Yesterday was a Stumble in the Rain

On Sunday, our gang came across Black & White Project Space, a new non-profit gallery on Driggs Avenue in Brooklyn (n.b. we are an actual gang with matching leather jackets). The space opened on March 7, and its inaugural exhibition, a collection of photos, videos, and objects taken from Brighton Beach, will evolve over a 3-month run.

Out back, a monumental Astroturf portrait of a woman demands your attention–you can see her from the street (camerafone pic by Ryan Muir).
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We went down to the brand-new pier jutting out towards Manhattan from the Northside Piers development, apparently designed by the same morons who thought Battery Park City was a good idea (this is not necessarily “factually true,” but Northside has the same soulless, cookie-cutter mediocrity as BPC). I wanted to hate the pier for what it stood for, and I did, kind of. But at the same time it was fun being that far out from shore. It was overcast and New York looked as sexy as she ever does. On the boardwalk itself, some wrought-metal armature forms neat benches and an overhang. It looked like a catwalk gone wrong, sprouting from the wood planks.

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A conversation with an NYC Parks officer on the site revealed the Pier is allegedly public—part of a concession that Northside’s developers undoubtedly made to the City to repay for the outsize monstrosities lurking where once rusty but inoffensive warehouses sat. But he was skeptical of how easy the boardwalk will be to access for people who don’t live in one of the new condos that straddle its entrance. Stay tuned.

It’s been a little while since I’ve walked around in Williamsburg, but wow. Residential buildings are popping up there like mushrooms after a rain. Or, they were, before capitalism broke and the Architecture Billings Index (ABI) dropped to its lowest level since they began measuring it.  My uneducated guess it that we’ll see a lot of projects stall and want for tenants in the next few years.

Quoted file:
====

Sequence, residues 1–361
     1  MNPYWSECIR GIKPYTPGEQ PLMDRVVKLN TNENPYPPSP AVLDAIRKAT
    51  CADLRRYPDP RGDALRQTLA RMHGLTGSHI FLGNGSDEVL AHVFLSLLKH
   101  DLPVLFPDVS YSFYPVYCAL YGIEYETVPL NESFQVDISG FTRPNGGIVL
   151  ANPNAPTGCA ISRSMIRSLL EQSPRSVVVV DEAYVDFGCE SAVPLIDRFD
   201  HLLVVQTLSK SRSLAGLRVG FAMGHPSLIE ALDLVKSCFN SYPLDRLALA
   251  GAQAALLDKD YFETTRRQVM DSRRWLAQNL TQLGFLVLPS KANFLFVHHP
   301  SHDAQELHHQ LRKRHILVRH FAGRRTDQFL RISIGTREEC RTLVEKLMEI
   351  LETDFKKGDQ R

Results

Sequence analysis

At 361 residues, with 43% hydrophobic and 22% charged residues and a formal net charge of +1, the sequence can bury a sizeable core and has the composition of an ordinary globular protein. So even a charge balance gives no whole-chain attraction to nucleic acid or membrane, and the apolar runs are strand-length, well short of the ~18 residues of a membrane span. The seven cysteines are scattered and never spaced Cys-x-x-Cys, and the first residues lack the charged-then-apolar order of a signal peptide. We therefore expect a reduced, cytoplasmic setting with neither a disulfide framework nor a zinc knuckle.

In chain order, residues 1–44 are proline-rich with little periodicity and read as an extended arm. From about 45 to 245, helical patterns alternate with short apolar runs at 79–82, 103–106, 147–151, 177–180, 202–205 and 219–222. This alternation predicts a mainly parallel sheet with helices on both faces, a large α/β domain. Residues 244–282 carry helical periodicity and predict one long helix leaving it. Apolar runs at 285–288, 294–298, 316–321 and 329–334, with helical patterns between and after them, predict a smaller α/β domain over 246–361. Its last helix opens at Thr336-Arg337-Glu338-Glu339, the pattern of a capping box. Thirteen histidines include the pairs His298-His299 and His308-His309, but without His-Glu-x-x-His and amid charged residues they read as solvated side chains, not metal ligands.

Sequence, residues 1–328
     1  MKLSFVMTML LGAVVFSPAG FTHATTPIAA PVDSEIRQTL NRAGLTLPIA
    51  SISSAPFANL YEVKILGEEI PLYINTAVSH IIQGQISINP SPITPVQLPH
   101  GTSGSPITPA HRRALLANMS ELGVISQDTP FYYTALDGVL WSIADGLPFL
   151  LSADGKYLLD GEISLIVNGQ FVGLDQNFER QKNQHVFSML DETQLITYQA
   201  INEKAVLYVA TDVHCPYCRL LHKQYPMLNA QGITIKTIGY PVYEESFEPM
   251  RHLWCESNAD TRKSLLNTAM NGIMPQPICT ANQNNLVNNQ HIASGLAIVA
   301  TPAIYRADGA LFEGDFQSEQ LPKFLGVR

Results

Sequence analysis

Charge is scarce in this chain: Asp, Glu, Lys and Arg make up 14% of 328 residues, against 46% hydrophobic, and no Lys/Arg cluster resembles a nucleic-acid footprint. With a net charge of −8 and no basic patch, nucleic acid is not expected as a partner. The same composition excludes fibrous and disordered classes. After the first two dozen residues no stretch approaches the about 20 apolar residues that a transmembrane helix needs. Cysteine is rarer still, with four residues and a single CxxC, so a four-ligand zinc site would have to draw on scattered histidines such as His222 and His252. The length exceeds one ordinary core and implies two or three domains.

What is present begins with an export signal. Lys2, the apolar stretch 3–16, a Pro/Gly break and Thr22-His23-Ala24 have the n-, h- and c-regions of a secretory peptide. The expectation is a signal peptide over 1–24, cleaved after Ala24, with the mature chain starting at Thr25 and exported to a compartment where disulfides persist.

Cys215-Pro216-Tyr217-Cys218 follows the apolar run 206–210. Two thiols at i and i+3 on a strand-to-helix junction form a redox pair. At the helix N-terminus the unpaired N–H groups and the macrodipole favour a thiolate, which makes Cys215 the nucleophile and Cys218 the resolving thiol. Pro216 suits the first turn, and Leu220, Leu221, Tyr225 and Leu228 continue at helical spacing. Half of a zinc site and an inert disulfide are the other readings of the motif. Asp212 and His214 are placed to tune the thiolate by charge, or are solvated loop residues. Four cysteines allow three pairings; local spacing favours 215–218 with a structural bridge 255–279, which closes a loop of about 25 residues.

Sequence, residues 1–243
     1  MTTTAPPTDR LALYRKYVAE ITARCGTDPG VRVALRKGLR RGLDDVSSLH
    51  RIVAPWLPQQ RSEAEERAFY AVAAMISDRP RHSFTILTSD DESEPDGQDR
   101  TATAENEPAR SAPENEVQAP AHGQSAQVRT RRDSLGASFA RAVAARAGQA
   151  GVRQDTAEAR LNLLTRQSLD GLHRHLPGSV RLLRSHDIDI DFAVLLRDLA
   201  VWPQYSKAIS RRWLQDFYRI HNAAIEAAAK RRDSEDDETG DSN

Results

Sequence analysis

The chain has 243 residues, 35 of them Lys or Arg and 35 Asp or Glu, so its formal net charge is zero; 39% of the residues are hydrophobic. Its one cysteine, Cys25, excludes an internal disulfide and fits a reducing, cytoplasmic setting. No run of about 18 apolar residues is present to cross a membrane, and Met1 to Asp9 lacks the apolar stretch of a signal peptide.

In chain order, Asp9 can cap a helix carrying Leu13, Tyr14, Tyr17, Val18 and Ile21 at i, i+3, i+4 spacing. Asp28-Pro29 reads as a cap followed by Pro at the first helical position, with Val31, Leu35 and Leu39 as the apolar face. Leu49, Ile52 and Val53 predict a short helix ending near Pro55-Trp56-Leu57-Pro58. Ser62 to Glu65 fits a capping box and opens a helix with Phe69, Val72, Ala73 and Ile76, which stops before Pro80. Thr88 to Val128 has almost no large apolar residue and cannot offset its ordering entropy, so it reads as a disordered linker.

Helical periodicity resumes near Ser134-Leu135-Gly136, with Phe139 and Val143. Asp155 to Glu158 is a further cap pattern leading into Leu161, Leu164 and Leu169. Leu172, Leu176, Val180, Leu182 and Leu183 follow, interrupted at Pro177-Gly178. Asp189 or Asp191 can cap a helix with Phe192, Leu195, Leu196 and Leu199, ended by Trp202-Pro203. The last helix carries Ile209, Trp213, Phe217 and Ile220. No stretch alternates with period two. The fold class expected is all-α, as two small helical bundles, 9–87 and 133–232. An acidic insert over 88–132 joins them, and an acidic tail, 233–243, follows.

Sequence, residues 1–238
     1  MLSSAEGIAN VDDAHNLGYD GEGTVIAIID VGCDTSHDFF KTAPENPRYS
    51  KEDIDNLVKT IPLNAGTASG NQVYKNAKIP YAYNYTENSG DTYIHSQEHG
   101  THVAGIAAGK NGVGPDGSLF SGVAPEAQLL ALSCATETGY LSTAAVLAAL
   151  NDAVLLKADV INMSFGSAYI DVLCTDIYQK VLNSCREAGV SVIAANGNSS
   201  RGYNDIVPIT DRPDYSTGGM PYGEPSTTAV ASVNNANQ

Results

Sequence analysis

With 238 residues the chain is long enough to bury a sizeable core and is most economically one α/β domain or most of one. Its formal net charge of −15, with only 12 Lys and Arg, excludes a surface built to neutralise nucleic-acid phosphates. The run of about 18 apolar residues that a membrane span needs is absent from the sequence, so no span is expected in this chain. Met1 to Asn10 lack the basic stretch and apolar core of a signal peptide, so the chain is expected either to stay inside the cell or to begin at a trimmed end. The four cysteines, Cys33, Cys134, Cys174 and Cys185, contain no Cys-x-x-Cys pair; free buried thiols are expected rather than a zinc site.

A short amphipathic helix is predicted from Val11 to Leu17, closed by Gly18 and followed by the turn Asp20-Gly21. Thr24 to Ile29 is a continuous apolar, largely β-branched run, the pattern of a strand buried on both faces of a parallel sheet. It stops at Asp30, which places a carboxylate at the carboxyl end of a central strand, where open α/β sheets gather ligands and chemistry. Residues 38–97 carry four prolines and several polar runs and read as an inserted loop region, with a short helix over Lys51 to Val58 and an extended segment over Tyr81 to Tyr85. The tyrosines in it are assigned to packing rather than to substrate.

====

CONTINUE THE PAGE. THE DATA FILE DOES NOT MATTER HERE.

Half-completed glass and steel luxury condos or extant dilapidated brick warehouses? The choice is yours, Williamsburg. Just kidding! There’s no fucking way BK’s industrial heritage will be allowed to remain intact. We hope you like brushed aluminum!

So. While gentrification: Stage Two is coming, it may take a bit longer than initially planned.

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presently: futures past

Paleo-Future, a blog which collects images and video clips of visions of futures past, lead us to the Museum of Modern Marvels, an imaginary institution from a 1937 Donald Duck short.

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The Skyscraper Museum–which actually exists in Lower Manhattan–has their own take on the quaint futurism of yesteryear in an upcoming exhibition called Future City 20 | 21: New York Modern. (Nothing says futurism like alterna-punctuation marks.) True to its titular ethos, the Museum looks at the high-minded imaginations of architects and pop artists in the early 20th century through a skyscraper-centric lens. The show opens October 24th.

Not included in the Museum’s show but relevant nonetheless is the work of Hans Bacher at Animation Treasures. Bacher captures panoramas normally calculated by the perception of the moviegoer by stitching together stills from old cartoons to create large canvases of illustrated landscapes. His extraction of the Metropolis skyline from a 1942 Superman short is a revelatory presentation of pop-culture background as content.